Skip to main content

“why Don’t You Come Up And … ?”

June 2024
2min read

In November of 1944 I was a plebe—a freshman—at the Naval Academy. We sat at attention at mealtimes, spoke only when spoken to by an upper classman, and obeyed orders. All orders.

At lunch one day a youngster, a third classman, addressed me. I’ve forgotten his name; it wasn’t Midshipman 3c. Jimmy Carter (who nailed me one day for not having my shoes properly shined), although it might have been Midshipman 3c. Stansfield Turner, who was in my company.



“Whom have you asked to the Army-Navy game?”

“No one, sir.”

“Ask Mae West.”

“Aye, aye, sir.”

Miss West, I found, was appearing in a Broadway play, Catherine Was Great (which she had written herself). I dutifully wrote her a polite note inviting her to the game.

To my surprise (and that of the youngster who put me up to it), an answer came within the week, with an inscribed photo. There was a Saturday matinee the day of the game, and she couldn’t make it, but if I would be in New York for Christmas leave, there’d be tickets at the box office in my name, and I should please come backstage and say hello afterward.

Annapolis plÀbes did get Christmas leave (although West Point plÀbes didn’t), and on a Friday afternoon I presented myself at the box office and was given two house seats. They were for the evening performance, which I attended with a casual date, a gorgeous, if somewhat slow, young lady named Raquel.

It was just as well Raquel wasn’t swift on the uptake, as the curtain had barely gone up before I realized the play was, by 1944 standards, about as blue as Broadway would then sit still for, and not at all suitable fare for a seventeen-year-old, obviously sheltered maiden. The cast consisted of Miss West and forty-seven males, almost all of whom shared the same dramatic fate by the middle of the third act. The opening lines were an exchange between two courtiers in the deserted throne room:

“Where is Her Majesty?”

“She’s out inspecting the Novgorod Regiment—man by man.”

I began to prepare for a certain amount of flak from Raquel’s parents when I got her home.

After the performance, we duly presented ourselves at the stage door. I sent my card in, and we were shortly ushered into Miss West’s dressing room, a hot, cluttered chamber looking about what I thought dressing rooms looked like, except for the couch on which Raquel and I were invited to seat ourselves. I put my overcoat, my white scarf, my midshipman’s cap, and my gloves on my knees.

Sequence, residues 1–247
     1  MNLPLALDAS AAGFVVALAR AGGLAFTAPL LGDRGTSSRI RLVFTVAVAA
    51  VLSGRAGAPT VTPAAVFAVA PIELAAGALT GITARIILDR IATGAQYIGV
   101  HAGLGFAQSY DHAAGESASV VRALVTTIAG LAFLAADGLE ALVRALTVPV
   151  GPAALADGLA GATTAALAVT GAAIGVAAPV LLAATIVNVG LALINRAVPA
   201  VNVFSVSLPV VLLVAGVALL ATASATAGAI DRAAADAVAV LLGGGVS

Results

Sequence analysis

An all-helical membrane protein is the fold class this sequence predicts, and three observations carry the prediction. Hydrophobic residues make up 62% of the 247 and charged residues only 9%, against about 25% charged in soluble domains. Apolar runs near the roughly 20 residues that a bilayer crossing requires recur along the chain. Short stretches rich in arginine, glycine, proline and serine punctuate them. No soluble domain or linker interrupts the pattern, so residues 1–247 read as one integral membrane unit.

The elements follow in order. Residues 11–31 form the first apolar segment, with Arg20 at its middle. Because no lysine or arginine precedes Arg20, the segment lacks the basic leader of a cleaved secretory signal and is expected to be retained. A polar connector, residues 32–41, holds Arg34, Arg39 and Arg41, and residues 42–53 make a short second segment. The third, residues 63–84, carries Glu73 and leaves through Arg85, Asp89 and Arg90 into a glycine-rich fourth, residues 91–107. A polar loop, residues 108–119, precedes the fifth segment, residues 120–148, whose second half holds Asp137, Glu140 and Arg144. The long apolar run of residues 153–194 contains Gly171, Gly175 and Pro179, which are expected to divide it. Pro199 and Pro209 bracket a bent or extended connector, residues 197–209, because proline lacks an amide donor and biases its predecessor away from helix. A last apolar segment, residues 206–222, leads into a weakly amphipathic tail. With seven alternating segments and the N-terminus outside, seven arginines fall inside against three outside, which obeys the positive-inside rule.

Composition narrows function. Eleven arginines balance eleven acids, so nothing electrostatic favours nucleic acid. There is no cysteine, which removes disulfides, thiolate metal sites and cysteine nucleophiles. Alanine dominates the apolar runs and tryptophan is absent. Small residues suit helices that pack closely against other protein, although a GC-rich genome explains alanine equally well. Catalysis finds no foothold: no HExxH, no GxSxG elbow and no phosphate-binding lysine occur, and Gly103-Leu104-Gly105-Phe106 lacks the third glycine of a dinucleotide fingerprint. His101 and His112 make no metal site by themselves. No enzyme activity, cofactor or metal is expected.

Miss West was wearing a negligee (her costume during most of the play) and a wraparound, and the adjective that came to mind was grimy . She still had her make-up on and it was running, and the collar of the wraparound was stained with layers of ancient make-up.

She couldn’t have been nicer. She poured three modest shots out of an open bottle of Scotch into mismatched tumblers and shoved two toward me. I handed one to Raquel and suddenly realized she was in a state of mild shock. There was a lot of Miss West, and it was pretty overpowering, and it also was probably the first time in her life that Raquel had been offered a drink.

We made polite chitchat for a few minutes. Raquel announced she had enjoyed the play, and Miss West looked at her blankly, and what with one thing and another, it was ever the least bit awkward.

I finally arose; we all did. I thanked Miss West again, and we started for the door, with Raquel in the lead. She stepped down into the narrow passage, and just as I did, a gaggle of departing actors came along; I paused in the doorway and drew back, with Miss West just behind me.

As I was about to step out, a bare arm reached over my right shoulder, a hand cupped my chin and pulled my head firmly back against lips which whispered throatily into my burning left ear, “You should have come alone, sonny.”

Galvanized, I shot forward without a word and rejoined Raquel.

After a late dinner at Sardi’s we were halfway home by taxi when it suddenly occurred to me that my first reaction—that it wasn’t really the sort of play I should have brought a girl like Raquel to—may very well not have been the correct interpretation.

I’ve been wondering about that these forty-eight years.

Enjoy our work? Help us keep going.

Now in its 75th year, American Heritage relies on contributions from readers like you to survive. You can support this magazine of trusted historical writing and the volunteers that sustain it by donating today.